(neighbourhood) S$1.20-S$2.40/hr (HDB)
(town) ~$2.40/hr, some places with cap of S$3-6 after 6pm
*this is a bit hard to state because there are many variation for parking cap in Tokyo. Sometimes, it’s cap for 5 hours maximum, and others, it’s just for certain timing e.g. before 6pm or after 6pm. So this is just a general estimate. An example is shown below:

Cheaper if you park at night after 10pm and a cap of 1,800JPY for full day

To put it simply, when I was in Singapore, I recall paying for around S$7 for parking after a meal and movie and a bit of shopping, which usually takes one whole evening or the whole afternoon. I would already be complaining by then. But in Tokyo, GJH and I would be cheering if we found a parking that has a cap of 1200-1500JPY (~S$15-S$18). That’s a damn big difference if I may say so!

Moving on, the next big topic, is of course, petrol.


Petrol Cost in Singapore VS Japan
This is much simpler to compare compared to parking cost because, well, petrol. Straight forward. In Japan, the most common petrol kiosks are Eneos and Shell. Similar to Singapore, there are point system in place. However, unlike Singapore, there aren’t much crazy discount for credit cards because Japanese love collecting points much more than getting cash rebates (don’t ask me why, I have no idea, but I suspect it’s linked to how they love collecting figurines etc for hobbies, lol). 

In Singapore, most people make use of discounts from credit cards at different petrol kiosks. Generally, the discounts are around 15-20%, with some being immediately discount and some being cash rebates. In the comparison below, it will be based on price after discount and cash back. Of course, these prices are estimated pricing, or more like, my perception of median costs in general.

Petrol Cost in Tokyo: ~150yen/liter (~S$1.80/L), S$65 for full tank on Honda Fit (36L) + *points
Petrol Cost in Singapore: ~S$2.20/literS$82 for full tank on Honda Fit (36L) before discount, $68 after discount
*For every 200JPY at Eneos, we get 1 T-Point. So with 150yen*36L, we will be getting 27 points, which is 27 yen. That is absolutely negligible because it’d just bring down the cost by 30 cents, so let’s just say, we can safely ignore the points in this comparison.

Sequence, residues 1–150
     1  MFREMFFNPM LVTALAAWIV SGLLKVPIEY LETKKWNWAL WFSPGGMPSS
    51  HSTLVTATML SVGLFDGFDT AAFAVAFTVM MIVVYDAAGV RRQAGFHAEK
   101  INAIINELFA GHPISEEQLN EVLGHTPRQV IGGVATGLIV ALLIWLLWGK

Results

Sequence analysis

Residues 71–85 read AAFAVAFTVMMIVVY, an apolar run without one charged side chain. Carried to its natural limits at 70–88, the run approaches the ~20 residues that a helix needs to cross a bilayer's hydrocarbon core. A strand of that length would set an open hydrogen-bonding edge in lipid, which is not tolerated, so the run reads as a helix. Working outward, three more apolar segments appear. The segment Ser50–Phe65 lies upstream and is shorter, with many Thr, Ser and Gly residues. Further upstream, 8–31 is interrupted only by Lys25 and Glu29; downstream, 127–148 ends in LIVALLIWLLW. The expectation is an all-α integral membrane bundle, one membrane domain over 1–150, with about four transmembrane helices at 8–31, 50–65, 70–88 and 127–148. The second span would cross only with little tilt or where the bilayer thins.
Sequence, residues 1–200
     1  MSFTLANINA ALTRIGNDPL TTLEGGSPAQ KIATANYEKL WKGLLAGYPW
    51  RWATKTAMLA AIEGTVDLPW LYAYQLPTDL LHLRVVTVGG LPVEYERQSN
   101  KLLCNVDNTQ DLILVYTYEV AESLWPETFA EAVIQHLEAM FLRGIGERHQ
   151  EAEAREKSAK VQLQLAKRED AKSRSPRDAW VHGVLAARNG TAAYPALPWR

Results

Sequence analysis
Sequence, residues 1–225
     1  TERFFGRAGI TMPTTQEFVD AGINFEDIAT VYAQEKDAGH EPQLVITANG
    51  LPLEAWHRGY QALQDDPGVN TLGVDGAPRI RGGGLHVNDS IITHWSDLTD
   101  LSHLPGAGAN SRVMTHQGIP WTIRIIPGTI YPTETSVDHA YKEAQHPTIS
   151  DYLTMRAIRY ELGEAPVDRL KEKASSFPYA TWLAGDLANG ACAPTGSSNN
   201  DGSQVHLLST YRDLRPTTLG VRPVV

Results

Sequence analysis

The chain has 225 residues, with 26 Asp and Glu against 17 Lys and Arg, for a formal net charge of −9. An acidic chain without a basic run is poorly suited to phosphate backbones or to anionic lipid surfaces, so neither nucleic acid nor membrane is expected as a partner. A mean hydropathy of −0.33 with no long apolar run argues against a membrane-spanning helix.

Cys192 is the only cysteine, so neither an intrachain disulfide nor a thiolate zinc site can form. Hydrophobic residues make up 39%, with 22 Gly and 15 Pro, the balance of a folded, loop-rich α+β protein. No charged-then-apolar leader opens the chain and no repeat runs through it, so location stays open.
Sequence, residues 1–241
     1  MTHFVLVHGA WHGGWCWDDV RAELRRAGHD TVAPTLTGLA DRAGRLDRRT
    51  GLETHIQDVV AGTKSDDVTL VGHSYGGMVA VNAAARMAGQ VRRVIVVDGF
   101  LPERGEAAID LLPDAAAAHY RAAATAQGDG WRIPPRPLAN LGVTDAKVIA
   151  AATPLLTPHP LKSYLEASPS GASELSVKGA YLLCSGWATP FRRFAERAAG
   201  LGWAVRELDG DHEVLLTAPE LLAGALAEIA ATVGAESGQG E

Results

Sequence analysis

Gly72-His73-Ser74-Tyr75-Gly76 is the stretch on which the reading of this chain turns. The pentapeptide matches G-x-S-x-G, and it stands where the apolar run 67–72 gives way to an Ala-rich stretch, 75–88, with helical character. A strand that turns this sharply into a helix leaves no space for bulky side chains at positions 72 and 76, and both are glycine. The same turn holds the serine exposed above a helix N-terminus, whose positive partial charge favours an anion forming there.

So petrol cost wise? I think both cities are on par with each other for this one thanks to the nice credit card discounts available in Singapore.

Another quick note is that if you top up petrol on the express way at gas station around service areas in Japan, the price of petrol goes up by at least S$0.10/L. Yikes.


Vehicle & Road Tax in Singapore VS Japan
The system in Japan is pretty similar to Singapore, in the sense that there’s also road tax here that’s based on CC and age of car. For this comparison, we are looking at road tax based on 2000cc vehicle that is 17 years old, which is what we are paying for now.

Road Tax in Tokyo: 39,500 JPY per year (~S$475/yr) + 15% surcharge for cars >13 years i.e. 45,400 JPY (~S$550/yr)
Road Tax in Singapore: S$950 per year + 50% surcharge for cars >14 years i.e. S$1,822/yr

Woah. The difference for this is crazy! Singapore is obviously way more expensive in terms of tax.

The next cut-off date for increase in surcharge in Japan is for vehicles more than 18 years. The surcharge will go up by around 5000JPY (~S$60). Guess we are getting rid of the car by then, I don’t know, haha. But even with that, it is still way cheaper in Japan.

Next up, insurance.


Car Insurance Cost in Singapore VS Japan
Car insurance in Japan is really different from motor insurance in Singapore because in Singapore, we mainly cover for repairs in time of accident but in Japan, insurance serves more for covering the injury of people in the event of an accident.

Something similar is that for experienced drivers, it is generally cheaper when purchasing car insurance. For this comparison, I’m comparing GJH’s insurance to my sister’s insurance. Both of them are old veteran drivers driving normal cars (Honda Fit & Honda Stepwgn) i.e. non sports car with basic coverage with deductible payable.

Car Insurance in Tokyo:
4500JPY per mth (~S$650/yr) [basic]; or
*12,000JPY (~S$1,700/yr) [comprehensive, include repairs in accident]
Car Insurance in Singapore:
S$2000/year (before NCD 50%) S$1,000/year (after NCD 50%) [basic with deductible payable, include repairs in accident]
*Because GJH has only had the car for half a year, we are not sure what’s the NCD rate for his car insurance. So I’d think it should get cheaper than S$1,700/yr. 

Looks like insurance cost is pretty similar in both countries but in Japan, we have the choice of going for cheaper option, which is great. Most of the time, my friends in SG avoid claiming because of the allure of accumulating NCD anyway, lol.


Car Maintenance in Singapore VS Japan